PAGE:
Orson Welles utterly unmissable acting and directing film debut, aged just 25, is recognised by most critics as "the greatest film of all time" and has been digitally hoovered to pristine effect. Inspired by the real-life newspaper magnate William Randolph Hearst, its tale of will to power, excess and hubris has deep resonances today. [cinema club review]
Portraying the true story of a sailors' revolt on board a battleship, and the subsequent massacre of the Odessa citizens who had come to greet it in port, Sergei Eisenstein's 1925 silent Soviet propaganda masterpiece remains one of the most influential films ever made. If you only ever see one silent film, this is the one it should be. [cinema club review]
If you want only one Fred Astaire/Ginger Rogers movie, then this classy, Oscar-nominated Depression-era escapism musical from 1935, with great tunes, witty choreography, and a screwball confused identities plot is obligatory viewing. [cinema club review]
A ground-breaking early Technicolor movie, which is one of the most delightful fantasies ever put on film. A wonderfully atmospheric 'Arabian Nights' adventure for children of all ages - the last major movie started in England before the outbreak of the Second World War, and the last fantasy film released before America's entry into World War II. [cinema club review]
Disguised as a riveting comedy thriller, Alfred Hitchcock's flawless, essential classic study of voyeurism starring James Stewart & Grace Kelly has often been imitated, but never equalled - all those windows, shaped like movie screens, each containing a mini-drama of its own. [cinema club review]
Legendary director Billy Wilder's witty, brilliantly constructed perfect 1950 Tinseltown satire in which silent-movie siren Gloria Swanson delivers one of the greatest of all film performances as a wild-eyed recluse driven mad by her fall from Hollywood stardom. [cinema club review]
Francis Ford Coppola's flawless 1972 Oscar-winning masterpiece (no.2 in IMDB's Top 250 Best Films list) traces the handover of power within the Corleone mafia family, from the old world values of Don Vito (Marlon Brando) to his son, the white sheep (Al Pacino). [cinema club review]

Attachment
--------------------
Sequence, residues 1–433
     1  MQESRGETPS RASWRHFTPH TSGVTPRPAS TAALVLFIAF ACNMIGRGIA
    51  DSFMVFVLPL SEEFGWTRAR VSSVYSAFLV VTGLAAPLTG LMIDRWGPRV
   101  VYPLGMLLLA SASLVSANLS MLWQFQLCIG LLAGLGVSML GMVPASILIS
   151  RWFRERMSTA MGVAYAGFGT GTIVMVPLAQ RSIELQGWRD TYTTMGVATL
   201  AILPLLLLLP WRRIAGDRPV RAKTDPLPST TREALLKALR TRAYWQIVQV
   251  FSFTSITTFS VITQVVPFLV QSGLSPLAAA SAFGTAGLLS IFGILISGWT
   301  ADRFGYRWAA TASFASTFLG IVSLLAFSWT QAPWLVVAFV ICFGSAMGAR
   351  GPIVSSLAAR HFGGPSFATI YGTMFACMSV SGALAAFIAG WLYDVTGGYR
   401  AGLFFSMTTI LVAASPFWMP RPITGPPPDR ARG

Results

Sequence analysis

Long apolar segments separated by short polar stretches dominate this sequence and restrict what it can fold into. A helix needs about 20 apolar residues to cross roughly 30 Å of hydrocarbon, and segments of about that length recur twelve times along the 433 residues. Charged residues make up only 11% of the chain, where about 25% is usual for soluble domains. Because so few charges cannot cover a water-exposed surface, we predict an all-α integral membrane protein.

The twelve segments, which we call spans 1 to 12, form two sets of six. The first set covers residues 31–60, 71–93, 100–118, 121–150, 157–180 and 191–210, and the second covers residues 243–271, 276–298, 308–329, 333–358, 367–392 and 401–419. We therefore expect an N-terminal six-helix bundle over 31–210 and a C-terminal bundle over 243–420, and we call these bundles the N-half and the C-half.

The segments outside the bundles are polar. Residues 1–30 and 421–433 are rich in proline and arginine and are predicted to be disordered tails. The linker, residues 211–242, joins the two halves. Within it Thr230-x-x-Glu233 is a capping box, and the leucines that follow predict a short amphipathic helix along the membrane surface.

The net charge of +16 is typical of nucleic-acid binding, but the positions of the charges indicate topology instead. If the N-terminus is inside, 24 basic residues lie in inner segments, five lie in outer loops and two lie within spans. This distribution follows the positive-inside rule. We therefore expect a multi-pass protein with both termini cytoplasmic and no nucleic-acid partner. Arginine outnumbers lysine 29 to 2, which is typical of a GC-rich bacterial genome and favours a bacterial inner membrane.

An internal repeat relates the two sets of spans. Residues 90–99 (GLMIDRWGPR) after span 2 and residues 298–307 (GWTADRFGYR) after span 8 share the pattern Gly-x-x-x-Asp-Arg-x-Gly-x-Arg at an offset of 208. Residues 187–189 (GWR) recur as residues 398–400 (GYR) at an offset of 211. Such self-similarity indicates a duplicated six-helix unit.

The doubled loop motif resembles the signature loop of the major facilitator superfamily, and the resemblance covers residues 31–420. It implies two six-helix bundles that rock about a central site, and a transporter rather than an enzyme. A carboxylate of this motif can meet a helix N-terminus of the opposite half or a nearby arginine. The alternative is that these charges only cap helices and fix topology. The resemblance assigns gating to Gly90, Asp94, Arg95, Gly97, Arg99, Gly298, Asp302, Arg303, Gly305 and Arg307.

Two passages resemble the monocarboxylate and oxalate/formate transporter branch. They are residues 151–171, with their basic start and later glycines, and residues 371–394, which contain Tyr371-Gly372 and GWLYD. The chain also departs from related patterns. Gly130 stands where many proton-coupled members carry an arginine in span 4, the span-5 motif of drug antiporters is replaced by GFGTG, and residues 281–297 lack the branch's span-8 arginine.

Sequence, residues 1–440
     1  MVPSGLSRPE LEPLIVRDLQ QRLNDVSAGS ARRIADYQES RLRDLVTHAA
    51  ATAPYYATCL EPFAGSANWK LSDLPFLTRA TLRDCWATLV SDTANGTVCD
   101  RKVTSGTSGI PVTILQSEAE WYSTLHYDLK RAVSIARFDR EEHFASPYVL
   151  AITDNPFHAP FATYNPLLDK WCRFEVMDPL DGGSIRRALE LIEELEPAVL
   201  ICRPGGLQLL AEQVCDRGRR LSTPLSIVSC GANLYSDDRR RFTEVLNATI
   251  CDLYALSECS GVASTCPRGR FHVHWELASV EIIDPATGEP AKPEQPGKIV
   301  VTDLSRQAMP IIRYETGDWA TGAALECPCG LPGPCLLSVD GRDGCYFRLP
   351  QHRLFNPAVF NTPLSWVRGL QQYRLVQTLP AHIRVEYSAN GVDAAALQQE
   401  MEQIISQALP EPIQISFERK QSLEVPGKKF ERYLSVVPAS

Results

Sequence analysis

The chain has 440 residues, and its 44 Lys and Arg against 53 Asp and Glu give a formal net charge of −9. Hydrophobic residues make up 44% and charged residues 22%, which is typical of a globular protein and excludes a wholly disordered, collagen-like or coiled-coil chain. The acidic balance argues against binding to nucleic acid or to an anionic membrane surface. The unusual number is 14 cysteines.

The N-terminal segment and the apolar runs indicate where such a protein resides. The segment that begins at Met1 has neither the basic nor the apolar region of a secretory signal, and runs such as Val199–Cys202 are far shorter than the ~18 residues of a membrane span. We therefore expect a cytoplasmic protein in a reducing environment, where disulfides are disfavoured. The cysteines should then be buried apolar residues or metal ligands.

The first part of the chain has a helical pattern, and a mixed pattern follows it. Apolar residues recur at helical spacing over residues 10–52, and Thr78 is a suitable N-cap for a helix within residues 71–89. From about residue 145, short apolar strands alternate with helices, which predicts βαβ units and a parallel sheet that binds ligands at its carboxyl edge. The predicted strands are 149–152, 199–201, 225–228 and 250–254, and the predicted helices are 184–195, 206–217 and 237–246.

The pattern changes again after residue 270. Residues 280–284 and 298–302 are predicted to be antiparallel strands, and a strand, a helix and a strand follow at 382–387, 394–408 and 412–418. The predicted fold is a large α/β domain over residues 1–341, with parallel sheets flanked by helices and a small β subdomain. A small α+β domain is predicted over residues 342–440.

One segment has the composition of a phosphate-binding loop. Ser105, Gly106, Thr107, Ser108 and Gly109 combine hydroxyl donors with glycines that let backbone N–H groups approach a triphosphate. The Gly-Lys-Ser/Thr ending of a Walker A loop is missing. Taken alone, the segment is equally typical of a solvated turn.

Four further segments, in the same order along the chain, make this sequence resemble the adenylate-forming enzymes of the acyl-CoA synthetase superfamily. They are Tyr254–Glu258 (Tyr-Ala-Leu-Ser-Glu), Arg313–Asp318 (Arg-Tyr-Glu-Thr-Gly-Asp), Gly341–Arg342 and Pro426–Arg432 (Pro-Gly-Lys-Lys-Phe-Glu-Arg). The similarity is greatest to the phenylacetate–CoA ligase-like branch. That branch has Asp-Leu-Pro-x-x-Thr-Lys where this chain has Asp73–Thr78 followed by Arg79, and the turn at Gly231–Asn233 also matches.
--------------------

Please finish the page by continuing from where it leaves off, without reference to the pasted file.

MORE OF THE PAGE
Recently voted the best movie of all time in the highly prestigious BFI international critics poll, James Stewart & Kim Novak star in Alfred Hitchcock's most disturbing masterpiece; the intense 1958 romantic thriller about a former police detective who becomes obsessed with a hauntingly beautiful woman. [cinema club review]
Pixar's 1995 perfect animated extravaganza was the first ever full-length computer animated feature. Tom Hanks & Tim Allen provide the voices to a great adventure story that will not only entertain children but can also be enjoyed as a jokey parable by adults. [cinema club review]
Marilyn Monroe, Tony Curtis and Jack Lemmon star in Billy Wilder's crackling cross-dressing 1959 gangster comedy, which is without doubt one of the greatest comedies ever and is still hilarious after all these years. [cinema club review]
One of the most celebrated films in history,this thriller inspired by the real life gruesome career of the Wisconsin serial killer, Ed Gein, is easily the most shocking film produced by the "Master of Suspense" Alfred Hitchcock, and widely regarded as his best film, certainly his most imitated and perhaps his most influential. [cinema club review]
The only sequel to match the original in winning an Oscar for best picture (no.3 in IMDB's Top 250), many believe the 1974 movie to be even better than the first. Alternately prequel and sequel, it interweaves the stories of a young Don Vito (Robert De Niro) in 1921 with his son (Al Pacino) in 1958. [cinema club review]
Ridley Scott's 1979 intergalactic horror masterpiece remains one of the most influential films in history and made Sigourney Weaver’s name. A beautiful revolutionary haunted house in space thrill-ride that stuns you with shock after shock. [cinema club review]
Arguably the finest British film made during the second world war, Michael Powell & Emeric Pressburger's wonderful salute to British decency was initially banned in the UK by Winston Churchill. A touching portrait of a friendship that bridges national boundaries, this is one of British cinema's undisputed masterpieces. [cinema club review]
Noah Baumbach's Oscar-nominated incisive and compassionate look at a marriage breaking up and a family staying together. Adam Driver and Scarlett Johansson were also shortlisted for the Oscar, whilst support from Alan Alda and Laura Dern saw the latter win Best Performance by an Actress in a Supporting Role. [cinema club review]
From a galaxy far, far away, the endlessly imitated but never rivalled opening instalment of George Lucas's original space opera trilogy, which tells the timeless tale of good versus evil with ground-breaking special effects for 1977, and a dazzling array of intergalactic characters. Essential viewing and, without a shadow of a doubt, one of the greatest films ever made. [cinema club review]
With one of his greatest performances, Gene Hackman stars in Francis Ford Coppola's immaculate thriller - a small masterpiece he made in the same year as "The Godfather II" - as a lonely and paranoid surveillance expert who is paid to eavesdrop on an affair. [cinema club review]
Combining style and subtlety, Mahershala Ali & Naomie Harris star in Barry Jenkins genre-defying, "La La Land" Oscar-winning film about a black gay man’s journey from a deprived childhood through rage and towards self-realisation. [cinema club review]
For many people, the 1980's follow up to George Lucas's "Star Wars", is the best film of the initial trilogy. Not a sequel as such, but the next part of a continuing story, it marks enormous progression both in terms of the mythos of the series and in the filmmaking quality itself". [cinema club review]